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Issue 2 (Apr. 2022)

A word from our CEO- Shaun Dyer

SCI-AB was founded in 1961 by WWII survivor Pierre Gariepy, whose vision to support injured veterans to adapt, adjust and thrive despite their condition has been the bedrock of SCI-AB’s commitment to client care for more than half a century. This issue of Spinal Times highlights SCI-AB’s Client Service and Peer Programs, two vital streams of care for people living with a spinal cord injury and other disabilities here in Alberta.


Spinal cord injuries are devastating and disorienting, forcing clients and their support networks to engage the world in entirely new ways. That’s where SCI-AB’s Peer Program comes in. Our peer mentors connect with newly injured clients early on in their journey, often while still in acute care and then through rehab and beyond. Our peers help clients navigate the murky and traumatic early days following injury with guidance on everything from applying for resources to understanding what’s happening to their bodies to housing support as they adapt to a new way of thriving in the world. What sets our peer mentors apart is that they, too, live with spinal cord injuries. We often hear from clients that the fact that our peer mentors have “lived experience” lends credibility and fosters trust, providing clients with a degree of confidence and ease as they adjust.


Think back over your life. Who have been your mentors? Could you imagine where you’d be without them? Our clients often tell us that without our peer mentors, the path to thriving would have been far more complicated and daunting. So we celebrate our peer mentors and thank them for their humble and dedicated service to clients as they help them adapt, adjust, and thrive.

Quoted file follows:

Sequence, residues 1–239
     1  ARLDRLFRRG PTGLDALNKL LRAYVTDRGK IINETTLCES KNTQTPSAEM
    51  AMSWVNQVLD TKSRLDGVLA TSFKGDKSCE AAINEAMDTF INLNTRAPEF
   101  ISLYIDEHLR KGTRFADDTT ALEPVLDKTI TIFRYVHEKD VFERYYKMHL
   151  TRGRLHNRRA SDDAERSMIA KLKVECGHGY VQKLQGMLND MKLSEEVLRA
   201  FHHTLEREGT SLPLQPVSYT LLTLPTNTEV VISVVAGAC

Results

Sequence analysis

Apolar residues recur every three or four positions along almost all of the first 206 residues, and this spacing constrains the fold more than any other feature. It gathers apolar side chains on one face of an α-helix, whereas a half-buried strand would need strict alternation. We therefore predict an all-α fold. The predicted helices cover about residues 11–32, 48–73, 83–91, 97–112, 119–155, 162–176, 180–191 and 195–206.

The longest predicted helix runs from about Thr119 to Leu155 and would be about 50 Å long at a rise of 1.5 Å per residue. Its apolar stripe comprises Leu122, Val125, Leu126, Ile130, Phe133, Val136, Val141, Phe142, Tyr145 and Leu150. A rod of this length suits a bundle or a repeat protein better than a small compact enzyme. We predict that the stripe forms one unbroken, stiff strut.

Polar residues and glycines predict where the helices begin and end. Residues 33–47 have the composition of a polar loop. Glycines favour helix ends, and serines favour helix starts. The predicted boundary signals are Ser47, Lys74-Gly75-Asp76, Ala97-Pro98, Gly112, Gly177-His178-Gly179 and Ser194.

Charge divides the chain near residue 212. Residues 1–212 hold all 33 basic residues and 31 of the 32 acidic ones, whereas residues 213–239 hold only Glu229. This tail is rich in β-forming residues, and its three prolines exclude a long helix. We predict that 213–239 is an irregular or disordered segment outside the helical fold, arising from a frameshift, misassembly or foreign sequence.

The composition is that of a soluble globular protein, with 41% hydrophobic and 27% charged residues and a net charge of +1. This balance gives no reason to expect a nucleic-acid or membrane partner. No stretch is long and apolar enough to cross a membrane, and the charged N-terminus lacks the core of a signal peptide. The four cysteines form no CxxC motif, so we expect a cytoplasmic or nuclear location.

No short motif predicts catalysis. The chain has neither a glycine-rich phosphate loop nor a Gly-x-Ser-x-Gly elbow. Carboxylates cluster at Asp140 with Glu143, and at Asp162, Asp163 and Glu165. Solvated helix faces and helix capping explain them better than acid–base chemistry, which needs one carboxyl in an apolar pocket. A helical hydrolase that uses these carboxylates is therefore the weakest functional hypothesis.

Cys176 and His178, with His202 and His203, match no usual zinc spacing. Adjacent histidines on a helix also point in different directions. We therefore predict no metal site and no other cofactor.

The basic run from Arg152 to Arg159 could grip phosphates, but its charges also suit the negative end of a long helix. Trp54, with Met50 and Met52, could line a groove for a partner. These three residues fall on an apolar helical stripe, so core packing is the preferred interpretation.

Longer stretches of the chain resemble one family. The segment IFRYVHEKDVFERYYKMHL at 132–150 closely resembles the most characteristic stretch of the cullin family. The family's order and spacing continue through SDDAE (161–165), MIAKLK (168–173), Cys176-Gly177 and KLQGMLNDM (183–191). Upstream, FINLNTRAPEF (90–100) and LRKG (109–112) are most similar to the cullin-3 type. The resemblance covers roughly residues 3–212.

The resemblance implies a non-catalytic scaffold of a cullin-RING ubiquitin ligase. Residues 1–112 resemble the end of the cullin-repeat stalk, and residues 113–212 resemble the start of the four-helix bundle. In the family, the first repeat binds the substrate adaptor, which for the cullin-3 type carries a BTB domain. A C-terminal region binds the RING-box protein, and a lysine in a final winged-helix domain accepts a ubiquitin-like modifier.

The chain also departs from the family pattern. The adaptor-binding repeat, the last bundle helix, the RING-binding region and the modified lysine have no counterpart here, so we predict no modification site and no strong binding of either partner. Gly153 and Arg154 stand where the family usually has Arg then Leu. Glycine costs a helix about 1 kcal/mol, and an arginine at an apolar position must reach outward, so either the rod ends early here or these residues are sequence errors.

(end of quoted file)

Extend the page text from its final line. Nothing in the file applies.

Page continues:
Stewart's Story

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Stewart was 56 when he suffered a C4 traumatic spinal cord injury during a paragliding accident. He was a mechanical engineer, a recreational pilot and inspector for 37 years and held five world records in hang gliding. Immediately after his accident, Stewart remembers that he could not get up or move. “Part of me knew right away,” he recalls. When found by search & rescue and transferred to Foothills Hospital, he had persistent nightmares of not being able to get up. When he woke, Stewart remembers thinking, “That was the dream, and now this is the nightmare.” 

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Bridget's Story

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Bridget was only 16 when she suffered a T4 complete and C7 incomplete spinal cord injuries in a car accident. 43 years later, Bridget looks back and says, “I didn’t expect to go as far as I did.”

At the time of her accident, Bridget lived on a family farm in Saskatchewan. She admits that being in a wheelchair in a rural community was very difficult. So, just two years after her injury, at the age of 18, Bridget moved to Regina to work and be closer to the wheelchair community. “They opened my eyes to a whole new world of living that allowed me to expand my thoughts on being in a wheelchair and [realize that] there is so much in the world offered to me,” she recalls. 

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Nicole's Story


Nicole’s life changed two years ago after being critically injured in a biking accident. Nicole and her partner, Drew, were on vacation in Costa Rica when Nicole’s bike caught an edge, and she fell off the cliff. When admitted to the hospital, Nicole had multiple injuries, including a broken rib cage, contusions, a fractured shoulder, collapsed lungs, and T5 complete spinal cord injury. After stabilizing her spine, Nicole was flown back home to Edmonton, admitted to the University of Alberta Trauma Unit, and then to the Glenrose Hospital to start her rehab. Unfortunately, a few weeks later, the pandemic started, and Nicole found herself isolated from family, friends, and Drew.

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